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Exploring Bermuda

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By Krystal McKenzie 

Ah, Bermuda. That ‘paradise’. That enigma once called ‘another world’. That same 21 square miles of mostly interconnected islands that you’ve probably only seen 40 percent of in your lifetime. 

Bermuda still has its beauty. The trails, the parks, the water, and the beaches are all tailormade for activities that are perfect for someone looking to make the most of the great outdoors. 

Now that the island is becoming increasingly safe for seniors, go ahead and make the most of seeing Bermuda in a whole new light! Here are some ideas to get you started. 

President of the Walking Club of Bermuda, Lovette Tannock, encourages people of all ages to join in weekly walks around Bermuda. 

“We have members and participants in the mid-century plus age bracket, and it’s the perfect activity! You can go at your own pace or challenge yourself to keep up with those who have been doing this a while.” 

For seniors, she has great ideas on locations that would suit walkers of all abilities. 

“The railway trails are great as they are relatively flat and maintained. They are fairly easy for any distance walk and are available across the island. Cooper’s Island Nature Reserve and Ferry Reach also have great walking areas.” 

For those who are up to more of an adventure, Ms Tannock promotes Southlands as it’s an open area that is perfect for the physically capable senior. Beach trails are another good option. For example, the club did a walk from Warwick Long Bay playground along the beach trails and noted it’s a great workout. 

If you want to walk but need frequent breaks, Dockyard has lots of buildings with air conditioning and benches if you need them. The City of Hamilton is also a good opportunity for a walk while you’re running errands or meeting up with friends; with plenty of fairly flat areas and slight inclines. It’s even good for the recreational walking beginner. 

Since seniors are some of the most vulnerable members of our population, Ms Tannock has key tips on safety. Go early in the morning or in the evening to avoid the heat of the day. Choose your terrain based on your physical ability level. Stay hydrated! Safely stretch your ankles, feet, and hamstrings – or you’ll feel it the next day! 

You can review the Walking Club of Bermuda’s health and safety measures, and see where they’ll be walking next, at walkingclubofbermuda.com/schedule. 

Now, you may have walked all over the island already and are looking for an activity that will have you viewing Bermuda in a whole new light. As you might find on the website of the business below, some things have value because they are different.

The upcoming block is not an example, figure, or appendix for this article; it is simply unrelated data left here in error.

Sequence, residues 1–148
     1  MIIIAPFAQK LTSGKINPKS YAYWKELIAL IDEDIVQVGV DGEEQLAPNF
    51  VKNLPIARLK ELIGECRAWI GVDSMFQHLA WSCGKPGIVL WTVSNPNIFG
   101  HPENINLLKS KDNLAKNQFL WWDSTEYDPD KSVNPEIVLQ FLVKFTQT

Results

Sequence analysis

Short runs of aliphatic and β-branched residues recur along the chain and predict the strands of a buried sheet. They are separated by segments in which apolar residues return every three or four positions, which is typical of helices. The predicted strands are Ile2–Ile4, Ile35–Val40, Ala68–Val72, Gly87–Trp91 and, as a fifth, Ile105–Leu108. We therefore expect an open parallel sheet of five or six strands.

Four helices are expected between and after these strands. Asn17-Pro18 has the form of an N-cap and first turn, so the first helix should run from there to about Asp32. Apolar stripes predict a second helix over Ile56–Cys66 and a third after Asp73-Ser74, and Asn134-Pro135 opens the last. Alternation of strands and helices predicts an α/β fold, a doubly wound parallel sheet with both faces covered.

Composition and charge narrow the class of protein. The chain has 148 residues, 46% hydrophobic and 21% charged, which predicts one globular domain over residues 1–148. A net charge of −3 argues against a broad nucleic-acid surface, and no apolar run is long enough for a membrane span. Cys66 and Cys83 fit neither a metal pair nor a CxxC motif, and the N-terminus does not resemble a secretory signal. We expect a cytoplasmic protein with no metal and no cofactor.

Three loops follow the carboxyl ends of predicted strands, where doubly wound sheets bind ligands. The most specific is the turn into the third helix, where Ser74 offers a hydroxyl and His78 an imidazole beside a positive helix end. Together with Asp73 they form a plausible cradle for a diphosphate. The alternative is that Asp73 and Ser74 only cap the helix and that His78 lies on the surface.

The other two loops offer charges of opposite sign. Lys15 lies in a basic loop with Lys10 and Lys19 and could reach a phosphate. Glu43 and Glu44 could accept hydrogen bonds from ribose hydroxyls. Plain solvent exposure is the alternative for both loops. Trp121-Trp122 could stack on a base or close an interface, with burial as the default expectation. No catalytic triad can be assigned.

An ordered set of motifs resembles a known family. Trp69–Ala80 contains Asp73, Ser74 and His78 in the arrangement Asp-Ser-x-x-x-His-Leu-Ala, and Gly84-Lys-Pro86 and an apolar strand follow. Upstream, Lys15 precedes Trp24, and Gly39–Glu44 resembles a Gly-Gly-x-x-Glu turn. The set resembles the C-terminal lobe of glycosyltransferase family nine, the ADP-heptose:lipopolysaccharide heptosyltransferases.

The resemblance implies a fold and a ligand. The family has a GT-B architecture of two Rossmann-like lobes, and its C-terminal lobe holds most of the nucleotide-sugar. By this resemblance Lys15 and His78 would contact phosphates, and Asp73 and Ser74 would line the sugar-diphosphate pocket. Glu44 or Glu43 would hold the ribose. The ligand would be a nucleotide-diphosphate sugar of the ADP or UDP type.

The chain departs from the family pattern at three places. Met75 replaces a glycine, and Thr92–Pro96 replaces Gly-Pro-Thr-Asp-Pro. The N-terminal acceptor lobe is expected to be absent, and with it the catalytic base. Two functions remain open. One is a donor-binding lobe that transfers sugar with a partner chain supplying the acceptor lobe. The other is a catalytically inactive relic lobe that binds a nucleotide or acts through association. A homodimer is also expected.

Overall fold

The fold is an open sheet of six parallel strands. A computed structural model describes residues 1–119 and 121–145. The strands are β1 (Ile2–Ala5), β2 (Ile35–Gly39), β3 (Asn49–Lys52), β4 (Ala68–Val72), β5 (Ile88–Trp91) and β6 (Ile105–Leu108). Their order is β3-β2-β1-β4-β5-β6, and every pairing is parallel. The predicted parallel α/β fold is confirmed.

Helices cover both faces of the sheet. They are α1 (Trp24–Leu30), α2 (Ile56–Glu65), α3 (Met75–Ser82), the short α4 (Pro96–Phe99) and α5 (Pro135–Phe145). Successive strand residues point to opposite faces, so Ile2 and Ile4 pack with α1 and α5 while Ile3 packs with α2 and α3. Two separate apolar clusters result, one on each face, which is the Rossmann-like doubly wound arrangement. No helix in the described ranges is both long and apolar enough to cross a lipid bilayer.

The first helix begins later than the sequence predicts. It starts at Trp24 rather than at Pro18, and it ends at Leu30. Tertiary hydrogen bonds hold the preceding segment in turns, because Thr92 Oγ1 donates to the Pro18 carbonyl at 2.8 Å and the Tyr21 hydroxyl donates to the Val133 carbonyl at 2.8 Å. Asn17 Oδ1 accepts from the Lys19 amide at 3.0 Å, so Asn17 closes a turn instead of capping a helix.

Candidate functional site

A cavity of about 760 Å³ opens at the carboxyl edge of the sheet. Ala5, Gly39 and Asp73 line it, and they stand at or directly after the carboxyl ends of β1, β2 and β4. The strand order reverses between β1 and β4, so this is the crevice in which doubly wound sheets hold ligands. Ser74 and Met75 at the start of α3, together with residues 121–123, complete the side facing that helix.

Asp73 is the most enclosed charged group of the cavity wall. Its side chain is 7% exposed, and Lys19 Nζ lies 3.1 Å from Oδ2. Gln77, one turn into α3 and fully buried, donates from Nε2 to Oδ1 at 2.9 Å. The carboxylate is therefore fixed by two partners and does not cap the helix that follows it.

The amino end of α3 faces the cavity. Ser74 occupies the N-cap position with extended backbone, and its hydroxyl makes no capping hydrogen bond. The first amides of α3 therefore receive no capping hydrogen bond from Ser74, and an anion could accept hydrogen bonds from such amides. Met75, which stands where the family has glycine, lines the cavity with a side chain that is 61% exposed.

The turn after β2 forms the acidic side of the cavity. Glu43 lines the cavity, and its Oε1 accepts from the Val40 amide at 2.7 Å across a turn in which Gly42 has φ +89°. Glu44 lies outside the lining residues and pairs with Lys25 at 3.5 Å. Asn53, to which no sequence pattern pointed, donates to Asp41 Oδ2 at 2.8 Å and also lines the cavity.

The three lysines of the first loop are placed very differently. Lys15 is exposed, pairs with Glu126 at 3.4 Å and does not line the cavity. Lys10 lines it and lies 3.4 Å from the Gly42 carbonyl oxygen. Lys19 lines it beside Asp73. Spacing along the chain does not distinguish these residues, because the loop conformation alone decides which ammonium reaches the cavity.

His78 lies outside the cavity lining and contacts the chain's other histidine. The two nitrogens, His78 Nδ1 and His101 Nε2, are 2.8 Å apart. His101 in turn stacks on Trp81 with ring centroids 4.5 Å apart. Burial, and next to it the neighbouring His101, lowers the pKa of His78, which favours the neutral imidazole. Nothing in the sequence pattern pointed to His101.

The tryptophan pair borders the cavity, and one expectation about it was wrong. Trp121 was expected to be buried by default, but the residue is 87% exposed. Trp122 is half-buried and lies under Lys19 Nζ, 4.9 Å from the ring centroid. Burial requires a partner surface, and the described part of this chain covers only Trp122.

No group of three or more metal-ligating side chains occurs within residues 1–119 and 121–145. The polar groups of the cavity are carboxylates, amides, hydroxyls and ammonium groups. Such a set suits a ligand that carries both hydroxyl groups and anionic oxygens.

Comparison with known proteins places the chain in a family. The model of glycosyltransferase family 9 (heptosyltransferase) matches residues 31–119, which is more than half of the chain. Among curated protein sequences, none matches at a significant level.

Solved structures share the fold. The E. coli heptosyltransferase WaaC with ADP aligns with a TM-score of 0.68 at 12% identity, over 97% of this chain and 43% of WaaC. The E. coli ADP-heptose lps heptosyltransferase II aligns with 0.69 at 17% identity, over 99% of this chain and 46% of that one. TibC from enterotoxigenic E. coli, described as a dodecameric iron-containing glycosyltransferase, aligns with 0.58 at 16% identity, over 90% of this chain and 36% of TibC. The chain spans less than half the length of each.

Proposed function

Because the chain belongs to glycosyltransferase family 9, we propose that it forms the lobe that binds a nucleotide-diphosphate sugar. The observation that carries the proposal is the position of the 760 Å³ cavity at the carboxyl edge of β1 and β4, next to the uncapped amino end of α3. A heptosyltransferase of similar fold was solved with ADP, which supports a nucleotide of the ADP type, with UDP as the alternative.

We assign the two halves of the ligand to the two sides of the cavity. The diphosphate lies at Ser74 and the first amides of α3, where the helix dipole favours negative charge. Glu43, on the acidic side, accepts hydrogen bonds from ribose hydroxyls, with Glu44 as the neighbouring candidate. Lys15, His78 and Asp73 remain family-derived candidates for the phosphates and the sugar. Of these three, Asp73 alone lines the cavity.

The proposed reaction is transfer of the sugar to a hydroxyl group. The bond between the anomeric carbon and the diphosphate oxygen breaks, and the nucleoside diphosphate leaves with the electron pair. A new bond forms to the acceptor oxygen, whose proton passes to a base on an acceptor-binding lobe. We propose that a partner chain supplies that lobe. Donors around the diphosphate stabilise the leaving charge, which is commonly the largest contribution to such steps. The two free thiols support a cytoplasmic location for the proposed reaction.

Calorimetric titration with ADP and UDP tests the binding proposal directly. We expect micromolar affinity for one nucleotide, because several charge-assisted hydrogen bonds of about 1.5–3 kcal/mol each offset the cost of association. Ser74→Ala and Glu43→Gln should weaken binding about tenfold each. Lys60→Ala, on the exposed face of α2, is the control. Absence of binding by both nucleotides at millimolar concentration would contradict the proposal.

Remember helmet diving? Technically “shallow water bell diving”? It’s still here, and Greg Hartley encourages people of all ages to experience this “new retro” activity. From the good old-fashioned undersea walk to your private event or party with food and drinks – you can tailor a trip to your liking. 

Due to the Covid-19 restriction on cruise ships, Hartley’s now leaves from the public dock at Mangrove Bay, on the northern end of Somerset Island and offers a three-to-four-hour tour with 30 to 40 minutes of dive time exploring Bermuda’s beauty below the waves. 

According to their website, hartleybermuda.com, “no scuba diving lessons or snorkelling skills are required…explore the ocean bed to witness the activity for yourself, first hand. Helmet diving is not really a water sport, because physical skill and exertion are not required. Just walk, breathe, and enjoy the action, while your head is totally dry. Think outside the Bermuda snorkelling box!” 

When snorkelling, one is stuck on the top, watching the fish swim away. With Hartley’s helmet diving, you are secure on the bottom, and the “Celebrity Fish” come right up to you! Come meet George the blue striped grunt and Graham the Grasby. 

Greg loves having a wide variety of people of different ages and sizes, so families are perfect – grandma and grandpa, parents, and children over the age of five. Experiences like this are more enjoyable when they’re shared, so a cross section of people is ideal. 

There are charter options for morning and afternoon, and the per person trips are at 1pm, four or five days a week, so you can plan your day accordingly. 

If you have certain medical conditions, you may need your doctor’s permission to go on the undersea walk. You can contact Hartley’s directly to find out more information on 234-3535 or visit their website to find the forms needed to participate. 

If you find out that you’re ineligible for the dive, you can still enjoy the boat ride. Riders are half price and can stay on the boat if they are unable to go underwater with the helmet. 

This is the perfect activity for seniors and their family members, and we encourage you to give it a go now that we can do these kinds of activities again. As Greg puts it, “Don’t live your life in fear – live life!” 

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